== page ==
CINCINNATI — Before new Cincinnati Bengals assistant Steve Jackson flipped on his computer’s camera, he needed to get into character.
He put on a pair of black-rimmed glasses and reached into his closet for a plaid, multicolor sport coat, one that looks like it belongs at a country club instead of a virtual meeting with the team’s defensive backs.
Even if he looked like a game show host, he was still a football coach. And despite the inability to see players in person, coaching still needed to be done.
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Like the rest of the NFL, the Bengals are adjusting to an augmented start to the offseason in the wake of the coronavirus pandemic. Part of that is using tools such as Kahoot!, an educational game used in classrooms, or in Jackson’s case, virtual “Jeopardy!”
During a pivotal offseason, sharing information is only one of the objectives for the Bengals’ coaches. They also are gauging how the virtual workouts will translate to the field if and when games occur this fall.
“You start seeing them start to strategize and work together and compete, basically, together,” said Jackson, who works with the defensive backs and is in his first season in Cincinnati. “There are so many subtle things that it brings out, and if you’re watching, you get a chance to see them grow and develop just in that small amount of time.”
The Bengals, like the rest of the NFL, are trying to navigate the closed team facilities while grappling with the global pandemic. Cincinnati is doing that while trying to improve the worst team in the NFL last season.
When Jackson was an assistant in Washington in 2004, he came across the version of “Jeopardy!” used by another assistant. Over the years, the game went from one on whiteboards to a PowerPoint presentation that features the game’s music and a timer.
Jackson typically used Saturday meetings to review concepts before game days. He brought the game with him to Cincinnati.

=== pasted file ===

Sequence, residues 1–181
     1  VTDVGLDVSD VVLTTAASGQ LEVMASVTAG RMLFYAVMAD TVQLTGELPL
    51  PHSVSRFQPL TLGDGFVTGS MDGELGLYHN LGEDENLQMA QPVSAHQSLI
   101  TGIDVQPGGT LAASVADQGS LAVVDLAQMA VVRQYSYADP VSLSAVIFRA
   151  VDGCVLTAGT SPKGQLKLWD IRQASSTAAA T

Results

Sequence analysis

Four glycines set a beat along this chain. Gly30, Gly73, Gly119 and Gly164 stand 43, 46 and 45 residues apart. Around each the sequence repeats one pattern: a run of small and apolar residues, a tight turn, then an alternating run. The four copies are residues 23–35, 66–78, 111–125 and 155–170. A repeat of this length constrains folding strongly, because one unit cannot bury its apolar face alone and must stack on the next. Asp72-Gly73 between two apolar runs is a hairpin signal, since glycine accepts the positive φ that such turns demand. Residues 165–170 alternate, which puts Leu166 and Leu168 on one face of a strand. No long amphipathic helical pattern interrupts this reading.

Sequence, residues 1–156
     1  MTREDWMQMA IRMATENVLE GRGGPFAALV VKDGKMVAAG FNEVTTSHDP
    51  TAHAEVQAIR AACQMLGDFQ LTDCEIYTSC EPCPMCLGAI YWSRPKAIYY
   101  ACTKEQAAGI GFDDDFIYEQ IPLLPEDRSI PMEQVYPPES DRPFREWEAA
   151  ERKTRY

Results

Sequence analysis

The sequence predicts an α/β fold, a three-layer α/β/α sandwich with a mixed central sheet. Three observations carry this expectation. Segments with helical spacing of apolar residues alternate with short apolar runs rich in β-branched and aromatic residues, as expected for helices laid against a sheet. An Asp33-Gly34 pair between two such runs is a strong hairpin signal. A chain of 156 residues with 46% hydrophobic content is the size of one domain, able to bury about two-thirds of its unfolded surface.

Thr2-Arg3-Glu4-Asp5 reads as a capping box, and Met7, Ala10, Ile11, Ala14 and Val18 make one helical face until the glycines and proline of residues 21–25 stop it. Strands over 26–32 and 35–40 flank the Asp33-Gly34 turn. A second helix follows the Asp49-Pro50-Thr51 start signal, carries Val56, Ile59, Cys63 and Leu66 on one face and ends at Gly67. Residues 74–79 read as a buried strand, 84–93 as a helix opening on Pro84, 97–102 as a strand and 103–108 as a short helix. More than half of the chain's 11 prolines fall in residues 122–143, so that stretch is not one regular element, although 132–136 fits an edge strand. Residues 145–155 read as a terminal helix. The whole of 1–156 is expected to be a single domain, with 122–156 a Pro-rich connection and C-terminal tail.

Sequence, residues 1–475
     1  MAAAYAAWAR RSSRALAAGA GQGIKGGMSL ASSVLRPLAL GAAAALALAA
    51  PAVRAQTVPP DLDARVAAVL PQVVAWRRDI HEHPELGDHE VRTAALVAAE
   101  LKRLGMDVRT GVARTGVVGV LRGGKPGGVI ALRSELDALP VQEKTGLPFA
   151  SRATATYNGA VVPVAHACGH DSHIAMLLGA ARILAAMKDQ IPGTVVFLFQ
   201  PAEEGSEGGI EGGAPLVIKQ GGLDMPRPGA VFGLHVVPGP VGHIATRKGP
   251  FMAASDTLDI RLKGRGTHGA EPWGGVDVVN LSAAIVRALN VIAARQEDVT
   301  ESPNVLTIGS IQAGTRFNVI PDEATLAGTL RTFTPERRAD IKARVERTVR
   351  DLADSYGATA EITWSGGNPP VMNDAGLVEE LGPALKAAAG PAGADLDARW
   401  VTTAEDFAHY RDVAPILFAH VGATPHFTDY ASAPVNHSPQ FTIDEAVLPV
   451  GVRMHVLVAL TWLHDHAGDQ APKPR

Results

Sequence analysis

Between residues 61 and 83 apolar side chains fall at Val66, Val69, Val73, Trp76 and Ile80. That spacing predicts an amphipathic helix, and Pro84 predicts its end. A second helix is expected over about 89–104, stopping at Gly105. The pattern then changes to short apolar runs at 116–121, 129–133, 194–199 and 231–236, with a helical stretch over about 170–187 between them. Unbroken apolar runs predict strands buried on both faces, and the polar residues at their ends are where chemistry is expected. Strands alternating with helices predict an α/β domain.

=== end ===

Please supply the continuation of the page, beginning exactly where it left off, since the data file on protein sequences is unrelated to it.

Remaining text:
On Zoom video calls, he paired up his new players and gave them five categories to choose from — scheme, culture, teammates and coaches, technique, hand signals. If someone picked a culture question, one might have to know two team rules or the five pillars of the team’s defense. Jackson said veteran safety Shawn Williams was immediately into the game and eager to win.
Cornerback Winston Rose, Williams’ teammate in the game, said everyone was mostly quiet during meetings because they didn’t know each other that well. Rose, safety Vonn Bell and cornerbacks LeShaun Sims and Mackensie Alexander all signed with the Bengals this offseason.
Rose, who spent the past three seasons in the Canadian Football League, said the game changed the atmosphere among the defensive backs.
“After ‘Jeopardy!’ everybody started laughing and kind of opening up a little bit,” said Rose, who is still waiting to move to Cincinnati from Los Angeles. “I feel like it broke some shells.”
With each meeting, Rose said, the familiarity is slowly increasing as everyone gets a feel for each other. His position coach is doing the same thing.
Jackson said it was easy to tell if the instruction was getting across to his players even while he was at a distance from them and not in a classroom.
“If you’re paying attention you can see it, whether they’re at home or in a meeting room,” Jackson said. “You just have to be observant because the cues really don’t change whether you’re on Zoom or in a meeting room.”
Jackson isn’t the only one looking for creative methods during the offseason. Bengals assistant James Casey, who works with the tight ends, picked up on Kahoot! after head coach Zac Taylor used it once last season.
Casey initially was apprehensive about doing everything virtually. Over time, he gained enough comfort to share his screen and conduct real-time quizzes using the game app. He’ll pull up the questions on his monitor while players answer as quickly as possible on their own devices and earn points along the way. It’s a way to provide instruction without always having to lecture and watch film.
“At the end of it, you learn a lot of football, but at the same time, you have a little fun. Everybody likes competing,” Casey said.
Casey and Jackson’s methods elicited praise from Taylor during a Zoom teleconference with reporters last week. One of the challenges during this offseason is making sure players are engaged despite not being physically present during voluntary workouts. The second-year coach said he feels like things have gone as well and as efficiently as he hoped.
“It is unfortunate you don’t get the physical reps on the field,” Taylor said. “That is something every team would like to have, but no other teams have it so we’re just going to make the most of this virtual opportunity.”
For a team as bad as the Bengals, every detail counts. When Jackson watches the responses during his quiz game, he sees how players respond to wrong answers or small defeats. He knows how that might translate to the field.
“Who’s going to laugh things off if they get beat for a touchdown?” Jackson said. “Who’s going to go into the tank if they lose? There’s a lot of carryover when you start talking about competing.”